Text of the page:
• Asian stocks dropped as hawkish signals from Federal Reserve officials spurred risk-off sentiment, with Chinese shares listed in Hong Kong leading regional losses on their return from a holiday. The MSCI Asia Pacific Index fell as much as 1.7% to reach its lowest since late December. The regional benchmark is heading for a correction, with declines from a July 31 peak approaching the 10% mark. The Hang Seng China Enterprises Index slumped more than 3% to be the worst performer among major gauges in Asia, dragged lower by tech stocks like Meituan and Alibaba, and some financials. Shares also declined in Japan. The broad weakness came as the latest commentary from Fed officials stirred concerns that the central bank will continue to raise interest rates. Traders boosted bets on a November rate hike to a roughly one-in-three chance, up from the 25% likelihood priced on Friday. Positive Chinese travel data did little to lift sentiment as investors focus on uncertainties lingering in the world’s second-largest economy.
  • Oil held onto the previous day’s drop as macroeconomic concerns overshadowed physical market tightness to cloud the demand outlook. West Texas Intermediate traded near $89 a barrel after declining by 2.2% in the previous session. A global rout in sovereign bonds and shares extended into Tuesday, while the dollar strengthened as traders digested messaging that the Federal Reserve will need to leave borrowing costs higher for longer. Fears over the global economy have seen WTI drop about 6% since last Wednesday’s close, halting a rally that saw it surge to $95 a barrel last week. Higher interest rates make it more expensive to store and ship crude and the strengthening dollar means it’s pricier for most buyers. The reversal has come despite a spate of buying of key oil grades by the trading arm of China’s top refiner.
  • Gold steadied after touching the lowest level in almost seven months as investors continue to sell the metal in response to surging bond yields. The plunge in bullion is relentless with the metal still on course for a seventh straight day of declines, the longest losing streak since 2018. Benchmark US yields jumped to the highest levels in 16 years on Monday, extending an uptrend that began in May. Spot gold fell 0.1% to $1,826.11 an ounce as of 11:24 a.m. in London, after closing 1.1% lower on Monday. Platinum edged up after earlier touching the lowest in a year. Silver also rose after hitting the lowest in almost seven months, while palladium fell.
  • The European Union is on track to release nearly €13 billion ($13.6 billion) of funding for Hungary that the bloc froze last year over concerns about democratic backsliding by Prime Minister Viktor Orban. The forint gained following media reports that the EU intended to unblock the money. EU Budget Commissioner Johannes Hahn told Bloomberg earlier this year that Hungary was on track to receive the money after changes were made to strengthen the nation’s judicial independence. A release date for the funds is speculative, but it’s possible that Hungary will tap a share of the more than $30 billion that was suspended by the end of the year as work is progressing well, according to a person familiar with the discussions. The release of the funds is taking time because the commission is conducting a thorough technical assessment of the judicial reforms, said the person, who spoke on the condition of anonymity. The timing depends on the conclusion of the EU’s assessment of Hungary’s legislatives changes.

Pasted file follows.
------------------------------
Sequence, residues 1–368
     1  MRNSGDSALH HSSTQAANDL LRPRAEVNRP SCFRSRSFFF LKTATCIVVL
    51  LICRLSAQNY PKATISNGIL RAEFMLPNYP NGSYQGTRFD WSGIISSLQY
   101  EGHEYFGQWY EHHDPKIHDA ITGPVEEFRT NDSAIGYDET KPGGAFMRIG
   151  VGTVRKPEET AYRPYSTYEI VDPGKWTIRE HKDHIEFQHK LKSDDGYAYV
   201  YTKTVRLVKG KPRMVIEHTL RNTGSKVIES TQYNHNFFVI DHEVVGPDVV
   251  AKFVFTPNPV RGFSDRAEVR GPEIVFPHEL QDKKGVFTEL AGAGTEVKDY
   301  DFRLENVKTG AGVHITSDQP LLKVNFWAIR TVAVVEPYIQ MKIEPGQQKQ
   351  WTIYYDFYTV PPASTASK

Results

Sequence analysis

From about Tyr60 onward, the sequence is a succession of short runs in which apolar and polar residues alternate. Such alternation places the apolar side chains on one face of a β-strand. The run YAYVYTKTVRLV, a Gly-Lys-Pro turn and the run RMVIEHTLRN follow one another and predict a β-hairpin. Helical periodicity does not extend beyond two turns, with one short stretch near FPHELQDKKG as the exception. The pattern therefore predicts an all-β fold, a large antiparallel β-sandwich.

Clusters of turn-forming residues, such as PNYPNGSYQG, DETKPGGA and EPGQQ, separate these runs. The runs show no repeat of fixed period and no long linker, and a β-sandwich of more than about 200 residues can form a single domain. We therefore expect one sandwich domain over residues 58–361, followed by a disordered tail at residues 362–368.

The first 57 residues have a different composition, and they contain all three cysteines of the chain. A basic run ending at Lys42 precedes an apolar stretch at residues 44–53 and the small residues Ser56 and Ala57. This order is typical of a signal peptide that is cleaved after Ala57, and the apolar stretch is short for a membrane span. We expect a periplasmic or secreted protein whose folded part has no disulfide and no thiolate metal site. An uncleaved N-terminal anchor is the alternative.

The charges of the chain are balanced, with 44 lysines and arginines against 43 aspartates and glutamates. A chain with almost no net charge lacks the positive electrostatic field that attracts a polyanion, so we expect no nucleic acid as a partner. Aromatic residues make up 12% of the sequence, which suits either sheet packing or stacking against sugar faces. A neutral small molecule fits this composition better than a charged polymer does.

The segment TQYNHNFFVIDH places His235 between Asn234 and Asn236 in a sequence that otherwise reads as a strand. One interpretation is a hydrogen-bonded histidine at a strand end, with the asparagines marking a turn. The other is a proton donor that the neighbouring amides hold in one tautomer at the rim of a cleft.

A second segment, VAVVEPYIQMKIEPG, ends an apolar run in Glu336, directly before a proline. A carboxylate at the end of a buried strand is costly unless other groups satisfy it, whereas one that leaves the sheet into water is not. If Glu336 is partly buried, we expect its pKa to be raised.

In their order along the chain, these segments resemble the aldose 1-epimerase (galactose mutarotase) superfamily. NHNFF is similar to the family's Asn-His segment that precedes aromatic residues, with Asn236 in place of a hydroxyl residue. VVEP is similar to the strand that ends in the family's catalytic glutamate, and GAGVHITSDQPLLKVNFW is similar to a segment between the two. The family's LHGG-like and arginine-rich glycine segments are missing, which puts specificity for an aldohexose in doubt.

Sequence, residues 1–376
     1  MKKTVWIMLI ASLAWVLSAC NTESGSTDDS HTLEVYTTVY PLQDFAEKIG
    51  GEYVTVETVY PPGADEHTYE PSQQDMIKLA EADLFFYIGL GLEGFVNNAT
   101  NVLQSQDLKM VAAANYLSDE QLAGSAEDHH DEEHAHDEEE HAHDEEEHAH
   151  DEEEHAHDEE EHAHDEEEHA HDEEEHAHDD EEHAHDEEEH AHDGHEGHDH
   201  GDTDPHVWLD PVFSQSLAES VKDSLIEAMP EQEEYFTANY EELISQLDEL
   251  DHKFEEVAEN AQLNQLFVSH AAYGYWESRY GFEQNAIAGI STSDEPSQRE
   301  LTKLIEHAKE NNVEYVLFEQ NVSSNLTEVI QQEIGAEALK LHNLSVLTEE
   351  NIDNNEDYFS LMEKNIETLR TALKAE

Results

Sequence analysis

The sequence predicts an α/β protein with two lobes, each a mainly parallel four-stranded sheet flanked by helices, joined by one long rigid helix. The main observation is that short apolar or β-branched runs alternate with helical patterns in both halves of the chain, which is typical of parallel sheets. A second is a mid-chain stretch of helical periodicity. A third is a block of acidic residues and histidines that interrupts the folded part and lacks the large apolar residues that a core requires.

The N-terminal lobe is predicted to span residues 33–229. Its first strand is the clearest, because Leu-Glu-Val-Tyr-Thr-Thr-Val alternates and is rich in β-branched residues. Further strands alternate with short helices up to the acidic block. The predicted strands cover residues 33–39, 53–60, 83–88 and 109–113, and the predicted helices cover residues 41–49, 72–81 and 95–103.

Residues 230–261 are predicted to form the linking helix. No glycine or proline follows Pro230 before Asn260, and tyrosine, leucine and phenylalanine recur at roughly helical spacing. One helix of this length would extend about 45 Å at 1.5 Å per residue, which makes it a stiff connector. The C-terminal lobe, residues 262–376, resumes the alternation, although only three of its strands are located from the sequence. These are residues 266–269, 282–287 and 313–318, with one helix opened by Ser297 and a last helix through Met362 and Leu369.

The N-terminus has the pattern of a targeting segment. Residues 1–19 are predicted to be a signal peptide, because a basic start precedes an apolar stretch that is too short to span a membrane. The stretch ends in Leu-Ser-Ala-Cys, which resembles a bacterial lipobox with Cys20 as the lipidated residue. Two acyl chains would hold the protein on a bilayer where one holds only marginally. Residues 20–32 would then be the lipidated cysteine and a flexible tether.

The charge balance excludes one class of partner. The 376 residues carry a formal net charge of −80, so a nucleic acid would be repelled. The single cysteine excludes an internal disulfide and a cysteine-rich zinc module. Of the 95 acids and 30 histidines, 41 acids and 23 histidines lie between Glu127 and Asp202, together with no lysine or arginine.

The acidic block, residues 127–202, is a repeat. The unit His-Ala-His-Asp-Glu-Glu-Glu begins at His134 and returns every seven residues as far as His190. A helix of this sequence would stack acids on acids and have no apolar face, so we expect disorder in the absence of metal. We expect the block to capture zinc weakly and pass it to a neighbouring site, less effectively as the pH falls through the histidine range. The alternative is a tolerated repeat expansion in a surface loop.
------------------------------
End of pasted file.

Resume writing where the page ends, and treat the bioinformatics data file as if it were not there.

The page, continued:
• Joe Biden’s reelection campaign is launching a new ad highlighting his efforts to lower consumer costs, ramping up its effort to reverse the president’s poor marks on the economy ahead of the 2024 election. The minute-long spot cites caps on insulin prices for seniors, Medicare’s power to negotiate drug prices, clean-energy investments and lower health care premiums as examples of how Biden has worked to ease Americans’ financial burdens. Concerns about the economy, as well as Biden’s age, have him running a close race against Republican frontrunner Donald Trump, polls show, even though the former president faces a litany of federal and state criminal charges over his efforts to overturn his 2020 election loss to Biden and his alleged mishandling of classified documents.
  • As OPEC+ ministers prepare to review global oil markets, the group is showing no signs of cooling a rally that brought prices near $100 a barrel. Crude has soared more than 20% in three months as alliance leaders Saudi Arabia and Russia squeeze supplies while world fuel demand hits records. The surge threatens to undermine a fragile global economy, harm consumers with another inflationary spike and derail central banks’ plans to wrap up interest-rate hikes. Yet delegates from the Organization of Petroleum Exporting Countries and its partners don’t expect Wednesday’s meeting of the Joint Ministerial Monitoring Committee to recommend any policy changes. United Arab Emirates Energy Minister Suhail al Mazrouei said on Monday that OPEC+ has “the right policy.”
  • Japan’s government approved as much as ¥192 billion ($1.3 billion) in subsidies for Micron Technology Inc.’s Hiroshima factory, part of Tokyo’s efforts to bolster next-generation chip production at home. The subsidies will help the Boise, Idaho-based company install Dutch firm ASML Holding NA’s extreme ultraviolet lithography equipment to make advanced chips, Economy Minister Yasutoshi Nishimura said Tuesday. Such chips will be essential to power generative AI, data centers and self-driving technology, he said. Tokyo’s support for Micron comes as similar efforts by the US to bolster domestic chip production are getting stymied by labor issues and slow delivery of promised funding. The world’s biggest chipmaker, Taiwan Semiconductor Manufacturing Co., said in July that it was delaying the start of production at its planned Arizona factory to 2025.